Gibson Guitar Corp. ended a long-running battle with federal investigators by agreeing to pay $350,000 and renounce any claim to wood seized by the federal government, rather than face criminal charges for the alleged illegal purchase and importation of wood from Madagascar and India.
“As a result of this investigation and criminal enforcement agreement, Gibson has acknowledged that it failed to act on information that the Madagascar ebony it was purchasing may have violated laws intended to limit overharvesting and conserve valuable wood species from Madagascar, a country which has been severely impacted by deforestation,”Assistant Attorney General Moreno said in a statement.
Under the agreement, Gibson must pay a $300,000 penalty and “a community service payment of $50,000 to the National Fish and Wildlife Foundation to promote the conservation . . . of protected tree species used in the musical instrument industry.” The company must also renounce it’s claim to the wood seized, which was reportedly valued at over $1 million.
The agreement ends Gibson’s vociferous opposition to the investigation. “The issue here is not illegal logging or some conservation abuse,” Gibson CEO Henry Juszkiewicz told Reuters and other reporters last October. “The laws that are being identified by the Department of Justice have to do with protectionism by the country of origin, keeping work in that country and therefore not allowing something that isn’t that value-added to be exported.”
Federal officials raided Gibson factories in 2009 and in 2011, confiscating wood on both occasions. “Gibson is a well-respected American company that employs thousands of people,” House Speaker John Boehner, R-Ohio, said after the 2011 raid. “The company’s costs as a result of the raid? An estimated $2-3 million. Why? Because Gibson bought wood overseas to make guitars in America. Seriously.” Boehner invited Juszkiewicz to sit in the Speaker’s box during President Obama’s speech to a joint session of Congress on the American Jobs Act last year.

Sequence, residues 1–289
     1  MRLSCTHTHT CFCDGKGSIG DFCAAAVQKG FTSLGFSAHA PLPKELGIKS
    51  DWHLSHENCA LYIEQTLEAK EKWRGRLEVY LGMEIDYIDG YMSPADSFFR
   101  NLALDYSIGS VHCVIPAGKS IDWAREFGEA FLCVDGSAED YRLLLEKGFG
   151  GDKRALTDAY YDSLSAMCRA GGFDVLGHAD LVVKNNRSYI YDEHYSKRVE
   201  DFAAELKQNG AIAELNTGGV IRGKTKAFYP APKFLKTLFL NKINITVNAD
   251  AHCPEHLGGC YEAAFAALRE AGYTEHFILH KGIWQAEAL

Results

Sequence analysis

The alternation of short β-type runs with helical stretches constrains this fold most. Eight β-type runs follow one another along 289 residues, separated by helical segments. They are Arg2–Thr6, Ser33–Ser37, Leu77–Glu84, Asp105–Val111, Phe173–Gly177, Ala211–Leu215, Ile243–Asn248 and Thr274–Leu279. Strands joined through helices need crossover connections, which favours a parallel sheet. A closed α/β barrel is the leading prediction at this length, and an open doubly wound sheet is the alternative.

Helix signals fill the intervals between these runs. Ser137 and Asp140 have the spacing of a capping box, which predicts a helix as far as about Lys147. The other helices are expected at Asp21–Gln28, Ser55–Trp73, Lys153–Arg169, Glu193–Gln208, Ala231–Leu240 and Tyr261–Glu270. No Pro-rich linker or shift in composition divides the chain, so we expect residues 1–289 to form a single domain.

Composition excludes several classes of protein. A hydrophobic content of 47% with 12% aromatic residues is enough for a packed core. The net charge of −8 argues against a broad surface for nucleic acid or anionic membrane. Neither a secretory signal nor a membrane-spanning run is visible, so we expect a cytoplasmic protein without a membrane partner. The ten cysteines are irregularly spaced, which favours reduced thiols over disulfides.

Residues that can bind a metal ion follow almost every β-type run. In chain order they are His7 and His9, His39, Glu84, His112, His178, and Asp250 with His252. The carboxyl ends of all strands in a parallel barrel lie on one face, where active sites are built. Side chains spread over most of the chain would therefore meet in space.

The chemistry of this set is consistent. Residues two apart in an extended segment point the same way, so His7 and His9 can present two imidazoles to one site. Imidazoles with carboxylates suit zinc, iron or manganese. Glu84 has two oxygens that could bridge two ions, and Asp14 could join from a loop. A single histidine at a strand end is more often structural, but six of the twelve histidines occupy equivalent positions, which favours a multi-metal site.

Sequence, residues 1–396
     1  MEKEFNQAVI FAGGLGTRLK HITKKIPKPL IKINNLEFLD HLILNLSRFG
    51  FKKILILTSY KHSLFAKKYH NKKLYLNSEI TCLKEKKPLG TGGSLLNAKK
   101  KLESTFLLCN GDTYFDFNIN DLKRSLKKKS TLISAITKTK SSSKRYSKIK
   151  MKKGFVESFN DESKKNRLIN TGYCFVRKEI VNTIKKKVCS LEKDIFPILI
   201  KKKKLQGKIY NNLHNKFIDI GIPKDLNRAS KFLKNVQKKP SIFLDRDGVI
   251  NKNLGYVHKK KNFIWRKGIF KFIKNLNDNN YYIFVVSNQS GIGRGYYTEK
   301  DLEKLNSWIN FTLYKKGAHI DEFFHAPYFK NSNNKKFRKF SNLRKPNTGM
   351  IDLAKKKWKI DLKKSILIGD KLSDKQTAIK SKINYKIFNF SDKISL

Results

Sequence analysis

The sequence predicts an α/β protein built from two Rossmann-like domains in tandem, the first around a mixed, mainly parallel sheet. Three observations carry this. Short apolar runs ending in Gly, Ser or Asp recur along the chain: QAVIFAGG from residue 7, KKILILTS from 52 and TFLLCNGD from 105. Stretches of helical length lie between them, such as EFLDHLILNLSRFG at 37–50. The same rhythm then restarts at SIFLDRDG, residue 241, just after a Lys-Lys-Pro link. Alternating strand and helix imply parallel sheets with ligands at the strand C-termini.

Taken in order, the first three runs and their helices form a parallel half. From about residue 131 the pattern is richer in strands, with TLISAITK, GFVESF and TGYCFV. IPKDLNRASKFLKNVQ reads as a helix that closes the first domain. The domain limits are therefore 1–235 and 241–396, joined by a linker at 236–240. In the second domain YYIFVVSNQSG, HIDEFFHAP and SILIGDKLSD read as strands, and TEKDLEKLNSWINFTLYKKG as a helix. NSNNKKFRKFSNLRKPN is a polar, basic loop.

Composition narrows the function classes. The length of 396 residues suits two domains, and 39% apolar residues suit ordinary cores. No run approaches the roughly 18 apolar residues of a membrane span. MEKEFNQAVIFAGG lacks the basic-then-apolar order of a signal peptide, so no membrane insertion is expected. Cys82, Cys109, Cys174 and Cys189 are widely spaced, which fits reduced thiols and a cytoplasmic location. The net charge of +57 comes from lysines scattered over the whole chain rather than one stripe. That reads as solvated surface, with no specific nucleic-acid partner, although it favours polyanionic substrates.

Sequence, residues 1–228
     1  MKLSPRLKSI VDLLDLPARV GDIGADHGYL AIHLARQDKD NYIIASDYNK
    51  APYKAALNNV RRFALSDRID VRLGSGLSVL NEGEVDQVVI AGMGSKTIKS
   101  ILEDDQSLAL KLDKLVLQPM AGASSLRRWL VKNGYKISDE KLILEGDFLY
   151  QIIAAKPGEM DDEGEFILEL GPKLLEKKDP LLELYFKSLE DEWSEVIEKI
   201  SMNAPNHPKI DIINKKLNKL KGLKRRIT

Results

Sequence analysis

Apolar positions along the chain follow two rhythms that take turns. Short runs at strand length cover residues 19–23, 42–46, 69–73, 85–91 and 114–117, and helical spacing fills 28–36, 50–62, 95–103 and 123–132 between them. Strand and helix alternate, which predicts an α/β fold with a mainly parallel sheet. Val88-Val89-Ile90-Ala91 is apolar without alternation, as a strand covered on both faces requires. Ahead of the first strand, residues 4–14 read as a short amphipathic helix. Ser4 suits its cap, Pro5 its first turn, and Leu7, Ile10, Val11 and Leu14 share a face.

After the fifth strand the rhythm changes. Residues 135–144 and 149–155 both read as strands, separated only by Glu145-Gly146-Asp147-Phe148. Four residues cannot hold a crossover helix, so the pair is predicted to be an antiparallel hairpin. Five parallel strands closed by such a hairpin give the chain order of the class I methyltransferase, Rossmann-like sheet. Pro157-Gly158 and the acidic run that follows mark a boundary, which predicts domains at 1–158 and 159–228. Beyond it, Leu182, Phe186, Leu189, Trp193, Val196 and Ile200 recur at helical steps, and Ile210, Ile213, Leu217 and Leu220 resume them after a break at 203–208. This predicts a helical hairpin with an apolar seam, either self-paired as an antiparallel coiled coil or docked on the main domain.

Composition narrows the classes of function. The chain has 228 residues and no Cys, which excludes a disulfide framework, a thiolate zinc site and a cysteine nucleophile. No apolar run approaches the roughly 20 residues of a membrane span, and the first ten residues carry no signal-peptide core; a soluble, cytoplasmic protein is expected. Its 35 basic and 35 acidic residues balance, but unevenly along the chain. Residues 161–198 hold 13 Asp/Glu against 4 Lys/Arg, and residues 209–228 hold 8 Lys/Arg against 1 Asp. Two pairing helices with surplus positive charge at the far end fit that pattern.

The Justice Department accused Gibson of violating the Lacey Act, which makes it a crime to break U.S. or foreign laws in trading for plants and other materials. Indian law bans the export of unfinished fingerboards and Gibson was accused of knowingly importing wood that was not eligible for trade under Indian law.
“It is clear that Gibson understands the purpose of the Lacey Act, and understands that … fingerboard blanks are not finished fingerboards and thus Gibson is aware that its order for fingerboard blanks was an order for contraband ebony wood or ebony wood which is illegal to possess,” Fish and Wildlife Service Kevin Seiler said in an affidavit, according to the Nashville Business Journal.
“In other words, because Indian workers didn’t create the final product, it’s not legally eligible to be exported,” the Business Journal explained.
The Justice Department accused Gibson of committing the same crime with respect to Madagascar. “In 2008, an employee of Gibson participated in a trip to Madagascar, sponsored by a non-profit organization,” DOJ explained in the announcement. “Participants on the trip, including the Gibson employee, were told that a law passed in 2006 in Madagascar banned the harvest of ebony and the export of any ebony products that were not in finished form. They were further told by trip organizers that instrument parts, such as fingerboard blanks, would be considered unfinished and therefore illegal to export under the 2006 law.”